The leadership contest is now seen as a two-horse race between Mr Miliband and his brother David, who remains ahead on nominations from MPs and constituency Labour parties. Ed Miliband’s supporters claimed that the backing of Unison, the country’s largest public sector union, now puts their candidate in “pole position”. – The Mirror


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The Diane Abbott interview

09/06/2010, 01:05:45 PM

UPDATE: Diane Abbott has secured 33 nominations and will be on the Labour leadership ballot paper.

This was the second in our series of crowdsourced interviews with the leadership contenders.

Diane spoke to us last night at her office in Westminster, where everyone was keenly monitoring her leadership support with hours left until nominations closed.

She was completely unphased by your questions, which included her son’s private education, the demographic of her leadership opponents and how much she is paid by the BBC.

Q. (From Derek) You and John McDonnell both have solid socialist credentials, but isn’t there a danger that in standing you will split the left vote? I don’t really want the wishy washy alternative of the other 4 candidates. What are your thoughts?

A. There always was a tendency to say that if women stood it split the vote. I think that there is the politics that I’m on the left, and have as good a voting record on left wing issues as John McDonnell, but there’s another issue which is about gender.  It’s not so much that I stood against John, but that John stood against me.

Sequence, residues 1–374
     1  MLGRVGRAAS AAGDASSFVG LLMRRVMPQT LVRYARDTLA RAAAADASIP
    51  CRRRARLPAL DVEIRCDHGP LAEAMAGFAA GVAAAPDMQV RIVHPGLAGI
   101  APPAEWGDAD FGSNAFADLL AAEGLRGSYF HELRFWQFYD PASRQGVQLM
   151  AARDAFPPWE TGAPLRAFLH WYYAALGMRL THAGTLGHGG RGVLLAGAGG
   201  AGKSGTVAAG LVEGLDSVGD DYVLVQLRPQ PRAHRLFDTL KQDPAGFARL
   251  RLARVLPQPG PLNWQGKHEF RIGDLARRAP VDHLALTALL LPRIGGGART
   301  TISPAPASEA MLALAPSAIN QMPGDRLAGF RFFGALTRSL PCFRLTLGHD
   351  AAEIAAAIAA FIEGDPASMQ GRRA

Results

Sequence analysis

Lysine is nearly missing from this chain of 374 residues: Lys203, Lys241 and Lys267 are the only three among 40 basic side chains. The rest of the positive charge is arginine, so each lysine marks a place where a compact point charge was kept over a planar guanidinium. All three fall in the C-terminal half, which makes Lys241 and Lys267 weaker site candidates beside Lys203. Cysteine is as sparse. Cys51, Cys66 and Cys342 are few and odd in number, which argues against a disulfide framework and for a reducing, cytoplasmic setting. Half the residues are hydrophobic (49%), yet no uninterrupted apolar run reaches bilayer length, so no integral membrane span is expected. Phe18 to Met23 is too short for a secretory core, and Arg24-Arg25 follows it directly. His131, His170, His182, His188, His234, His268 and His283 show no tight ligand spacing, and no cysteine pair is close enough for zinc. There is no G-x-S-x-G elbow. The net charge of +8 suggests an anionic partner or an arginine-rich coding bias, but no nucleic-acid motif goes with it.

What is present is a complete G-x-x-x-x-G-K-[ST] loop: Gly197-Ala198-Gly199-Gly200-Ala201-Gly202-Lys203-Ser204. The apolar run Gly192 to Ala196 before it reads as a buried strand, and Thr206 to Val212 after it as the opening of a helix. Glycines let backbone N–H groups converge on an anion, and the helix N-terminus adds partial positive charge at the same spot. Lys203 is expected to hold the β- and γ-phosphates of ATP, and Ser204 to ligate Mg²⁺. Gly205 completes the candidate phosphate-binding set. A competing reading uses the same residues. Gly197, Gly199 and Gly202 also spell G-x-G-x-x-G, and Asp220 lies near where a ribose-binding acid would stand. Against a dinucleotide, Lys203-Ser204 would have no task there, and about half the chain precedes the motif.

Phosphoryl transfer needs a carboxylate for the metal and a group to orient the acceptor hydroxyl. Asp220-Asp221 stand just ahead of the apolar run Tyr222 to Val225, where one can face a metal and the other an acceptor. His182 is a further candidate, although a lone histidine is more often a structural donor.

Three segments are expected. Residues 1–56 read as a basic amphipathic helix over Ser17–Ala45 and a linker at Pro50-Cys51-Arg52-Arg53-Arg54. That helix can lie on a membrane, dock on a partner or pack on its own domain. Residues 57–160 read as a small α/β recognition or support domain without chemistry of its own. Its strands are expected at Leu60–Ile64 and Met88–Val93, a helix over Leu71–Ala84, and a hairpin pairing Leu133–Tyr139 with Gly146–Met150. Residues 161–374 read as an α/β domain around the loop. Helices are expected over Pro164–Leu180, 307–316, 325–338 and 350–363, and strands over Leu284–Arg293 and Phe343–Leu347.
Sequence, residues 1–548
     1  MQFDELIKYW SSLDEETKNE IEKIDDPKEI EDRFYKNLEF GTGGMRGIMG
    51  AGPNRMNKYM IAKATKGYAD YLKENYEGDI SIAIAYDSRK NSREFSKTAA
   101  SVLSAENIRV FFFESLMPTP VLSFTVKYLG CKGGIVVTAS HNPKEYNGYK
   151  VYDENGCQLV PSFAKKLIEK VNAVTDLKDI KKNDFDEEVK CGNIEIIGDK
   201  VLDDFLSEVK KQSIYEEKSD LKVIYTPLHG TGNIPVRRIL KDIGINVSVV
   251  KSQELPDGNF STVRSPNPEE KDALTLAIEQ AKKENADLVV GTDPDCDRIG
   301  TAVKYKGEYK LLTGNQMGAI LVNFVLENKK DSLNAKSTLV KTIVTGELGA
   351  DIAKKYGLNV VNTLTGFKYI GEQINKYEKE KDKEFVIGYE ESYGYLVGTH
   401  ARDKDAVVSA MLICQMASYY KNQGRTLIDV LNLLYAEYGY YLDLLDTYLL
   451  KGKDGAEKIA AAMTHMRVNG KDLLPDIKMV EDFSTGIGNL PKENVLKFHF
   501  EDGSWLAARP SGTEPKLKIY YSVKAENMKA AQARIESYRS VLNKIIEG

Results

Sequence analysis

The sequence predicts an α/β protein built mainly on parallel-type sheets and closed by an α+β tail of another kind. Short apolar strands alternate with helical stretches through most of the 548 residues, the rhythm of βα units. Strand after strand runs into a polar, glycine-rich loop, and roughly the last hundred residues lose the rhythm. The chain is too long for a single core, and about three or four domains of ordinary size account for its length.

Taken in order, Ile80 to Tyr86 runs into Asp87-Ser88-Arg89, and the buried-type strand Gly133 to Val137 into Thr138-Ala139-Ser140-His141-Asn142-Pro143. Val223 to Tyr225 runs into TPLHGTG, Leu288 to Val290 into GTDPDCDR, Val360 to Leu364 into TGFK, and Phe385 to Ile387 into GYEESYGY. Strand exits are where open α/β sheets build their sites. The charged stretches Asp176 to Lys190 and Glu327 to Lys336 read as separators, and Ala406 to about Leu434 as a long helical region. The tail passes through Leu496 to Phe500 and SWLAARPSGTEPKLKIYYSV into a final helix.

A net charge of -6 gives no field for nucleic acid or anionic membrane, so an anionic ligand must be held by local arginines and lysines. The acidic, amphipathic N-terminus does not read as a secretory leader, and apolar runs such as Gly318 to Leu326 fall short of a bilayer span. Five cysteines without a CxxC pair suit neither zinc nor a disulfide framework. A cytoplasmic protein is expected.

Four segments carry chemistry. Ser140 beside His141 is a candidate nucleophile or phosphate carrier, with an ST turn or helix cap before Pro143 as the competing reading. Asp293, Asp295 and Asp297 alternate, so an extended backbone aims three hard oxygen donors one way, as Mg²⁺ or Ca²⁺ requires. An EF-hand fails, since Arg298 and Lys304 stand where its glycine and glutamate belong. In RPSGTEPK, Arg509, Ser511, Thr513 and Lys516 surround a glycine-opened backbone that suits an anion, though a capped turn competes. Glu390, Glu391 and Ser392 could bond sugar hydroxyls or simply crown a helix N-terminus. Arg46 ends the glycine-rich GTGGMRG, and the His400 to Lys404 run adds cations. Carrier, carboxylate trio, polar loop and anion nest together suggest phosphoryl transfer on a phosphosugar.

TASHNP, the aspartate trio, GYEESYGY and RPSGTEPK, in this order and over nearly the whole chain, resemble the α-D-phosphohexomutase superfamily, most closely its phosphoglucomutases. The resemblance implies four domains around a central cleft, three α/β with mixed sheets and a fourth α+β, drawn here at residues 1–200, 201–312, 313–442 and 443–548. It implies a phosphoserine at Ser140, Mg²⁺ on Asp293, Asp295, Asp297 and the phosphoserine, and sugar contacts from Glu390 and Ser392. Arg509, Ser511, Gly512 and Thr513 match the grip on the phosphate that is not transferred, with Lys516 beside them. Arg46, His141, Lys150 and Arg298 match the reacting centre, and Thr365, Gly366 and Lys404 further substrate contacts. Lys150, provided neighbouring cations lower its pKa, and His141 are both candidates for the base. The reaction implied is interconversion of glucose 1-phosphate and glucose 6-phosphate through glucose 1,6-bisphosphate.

Q. John McDonnell’s come out and said that if it means getting a woman on the ballot, he’ll stand down. In that case, do you wish he’d never stood in the first place?

A. I think it would have been easier if he hadn’t stood. If he was committed to gender issues it would have been easier if he hadn’t. Initially, it was very difficult for either of us to gain momentum. If there’d been just one of us standing then that person would have gained momentum much quicker. (more…)

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The Ed Balls interview

27/05/2010, 12:07:36 PM

Labour Uncut interviewed Ed Balls on Tuesday evening.  We couldn’t ask all the questions you submitted.  There were far too many.  We gave Ed the option of whether or not to answer questions – in this Labour leadership interview – from people who clearly weren’t Labour members or supporters.  He chose to answer, and we’ve included several.

Ed’s is the first of our leadership candidate interviews.  We were impressed by his focus and presence.  It will be great if the rest are as good.